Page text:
On Thursday I had office hours until 3:30 and a meeting at 4:15. I grabbed my phone, turned it to “Two Steps from Hell” music, plugged in earbuds and left the office at 3:35. I had to be fast because the path usually takes me 45 minutes. No dawdling–the music pushed me, too, and I made it around the loop just in time to get to my meeting. No time for pictures!
Then on Friday I was done at 1:00, and I called home: “I’m going out to Indian Creek, can you come along?” So, we got to the trailhead at 1:20 and were done at 3:20, a nice long walk.
The start of the walk is through an open woods with big trees and very little undergrowth. Something magical about that. And shushing through a carpet of golden leaves is pretty nice, too.
We walked from one end of the trail to the other, where there is a tall platform you can climb up for views of the lake/wetlands.
We saw a great blue heron, lots of Canada Geese, and ducks. On the way back we noticed a lot of bittersweet vines, but we couldn’t tell whether it was the native kind or the invasive oriental bittersweet. They are not easy to tell apart. I hope it’s the native kind, because there was a lot of it!
On Saturday in spite of cool and drizzly weather we went for another walk. This one was in the Downerville State Forest and Grass River Wild Forest. The DEC maintains a short (less than a mile we think) trail to Harper’s Falls. So beautiful! To get to the trailhead you have to drive a long way on a winding dirt road, lined by a dozen or so hunting camps. Hunting season is clearly happening since the camps were all bustling with activity. Here I am at the trailhead:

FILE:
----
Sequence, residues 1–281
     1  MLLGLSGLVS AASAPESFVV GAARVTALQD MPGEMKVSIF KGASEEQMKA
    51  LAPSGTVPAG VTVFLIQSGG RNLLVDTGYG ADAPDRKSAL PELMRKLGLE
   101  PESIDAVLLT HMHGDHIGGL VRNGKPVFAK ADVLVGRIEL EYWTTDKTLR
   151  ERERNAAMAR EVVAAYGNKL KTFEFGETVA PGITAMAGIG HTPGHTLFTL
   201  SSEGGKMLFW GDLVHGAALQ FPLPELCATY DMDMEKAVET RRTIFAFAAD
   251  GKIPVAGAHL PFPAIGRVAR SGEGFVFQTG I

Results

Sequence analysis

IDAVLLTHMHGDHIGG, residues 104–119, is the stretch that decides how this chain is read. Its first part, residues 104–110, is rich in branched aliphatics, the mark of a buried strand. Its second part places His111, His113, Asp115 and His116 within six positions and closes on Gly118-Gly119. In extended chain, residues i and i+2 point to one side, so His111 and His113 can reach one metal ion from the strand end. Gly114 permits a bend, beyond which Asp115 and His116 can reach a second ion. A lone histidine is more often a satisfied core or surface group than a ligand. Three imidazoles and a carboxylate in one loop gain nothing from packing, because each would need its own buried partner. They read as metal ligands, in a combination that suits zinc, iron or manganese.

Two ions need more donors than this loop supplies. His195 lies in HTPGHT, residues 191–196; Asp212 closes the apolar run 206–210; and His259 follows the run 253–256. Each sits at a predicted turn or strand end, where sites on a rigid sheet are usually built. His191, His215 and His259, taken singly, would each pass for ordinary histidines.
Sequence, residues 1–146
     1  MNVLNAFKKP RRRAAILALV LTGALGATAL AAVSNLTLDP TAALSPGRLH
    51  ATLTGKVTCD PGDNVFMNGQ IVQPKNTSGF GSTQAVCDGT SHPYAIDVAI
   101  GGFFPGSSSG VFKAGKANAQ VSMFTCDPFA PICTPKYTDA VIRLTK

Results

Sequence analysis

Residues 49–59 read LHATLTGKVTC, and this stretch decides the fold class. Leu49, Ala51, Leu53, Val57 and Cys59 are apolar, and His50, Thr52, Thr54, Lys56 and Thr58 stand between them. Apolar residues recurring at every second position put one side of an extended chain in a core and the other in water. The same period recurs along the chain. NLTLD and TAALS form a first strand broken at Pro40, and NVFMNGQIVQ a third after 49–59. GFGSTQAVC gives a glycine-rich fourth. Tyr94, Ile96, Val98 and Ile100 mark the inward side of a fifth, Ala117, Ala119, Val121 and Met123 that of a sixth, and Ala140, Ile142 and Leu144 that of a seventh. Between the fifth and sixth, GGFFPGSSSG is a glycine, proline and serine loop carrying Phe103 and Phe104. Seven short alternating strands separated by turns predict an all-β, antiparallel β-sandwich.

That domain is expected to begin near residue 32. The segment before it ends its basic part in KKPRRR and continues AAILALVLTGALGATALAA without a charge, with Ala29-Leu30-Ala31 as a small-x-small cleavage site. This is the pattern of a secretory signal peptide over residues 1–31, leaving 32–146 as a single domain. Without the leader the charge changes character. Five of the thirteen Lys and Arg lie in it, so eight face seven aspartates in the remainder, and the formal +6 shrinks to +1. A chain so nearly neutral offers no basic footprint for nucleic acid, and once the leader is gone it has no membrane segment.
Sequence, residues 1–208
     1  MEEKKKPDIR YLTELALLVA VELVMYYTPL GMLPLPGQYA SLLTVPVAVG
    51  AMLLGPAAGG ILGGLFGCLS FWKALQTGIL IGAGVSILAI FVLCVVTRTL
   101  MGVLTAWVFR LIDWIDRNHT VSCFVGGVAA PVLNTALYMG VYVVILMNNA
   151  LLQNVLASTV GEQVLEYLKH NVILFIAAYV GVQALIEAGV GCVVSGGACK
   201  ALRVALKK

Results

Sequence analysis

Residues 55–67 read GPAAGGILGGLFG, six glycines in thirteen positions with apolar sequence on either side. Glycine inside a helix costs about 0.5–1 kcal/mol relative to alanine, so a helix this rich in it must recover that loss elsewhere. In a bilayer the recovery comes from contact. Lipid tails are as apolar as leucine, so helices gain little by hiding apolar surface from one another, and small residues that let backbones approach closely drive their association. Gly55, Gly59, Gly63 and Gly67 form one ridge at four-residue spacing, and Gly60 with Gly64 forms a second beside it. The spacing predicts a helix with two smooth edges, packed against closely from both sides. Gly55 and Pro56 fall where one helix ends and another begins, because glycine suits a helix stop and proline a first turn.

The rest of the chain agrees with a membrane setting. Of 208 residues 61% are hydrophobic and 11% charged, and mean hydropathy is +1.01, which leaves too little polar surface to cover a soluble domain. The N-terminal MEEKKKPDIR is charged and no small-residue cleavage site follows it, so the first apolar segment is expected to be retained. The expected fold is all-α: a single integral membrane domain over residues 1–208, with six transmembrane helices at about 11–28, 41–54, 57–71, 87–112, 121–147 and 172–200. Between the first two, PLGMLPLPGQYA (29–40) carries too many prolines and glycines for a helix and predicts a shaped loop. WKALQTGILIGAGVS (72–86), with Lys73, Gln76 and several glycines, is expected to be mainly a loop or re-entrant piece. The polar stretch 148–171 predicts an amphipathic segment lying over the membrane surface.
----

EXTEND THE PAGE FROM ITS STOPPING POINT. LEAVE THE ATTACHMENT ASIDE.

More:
We made a point of chatting a bit more than usual so hunters would know we are not deer. But we didn’t see or hear any hunters.
The trail is easy, with a few ups and downs, a few short bridges over small streams, and a wonderful reward at the end. Most of the fall color is gone. The trees are brown and grey, the sky was grey, the leaves beige and brown. The main color came from green ferns and moss.
The woods smelled wonderful. We heard and saw some ravens but otherwise the woods was quiet. When we stood still we could hear a few raindrops and the tap tap tap of leaves falling. As we got closer to the falls we could hear that, too.
I’m in my office right now getting ready to dig into a pile of essays that need to be graded. Would rather be out in the woods, but there’s a time for everything, and it’s nice to think of these places waiting for us to visit them again.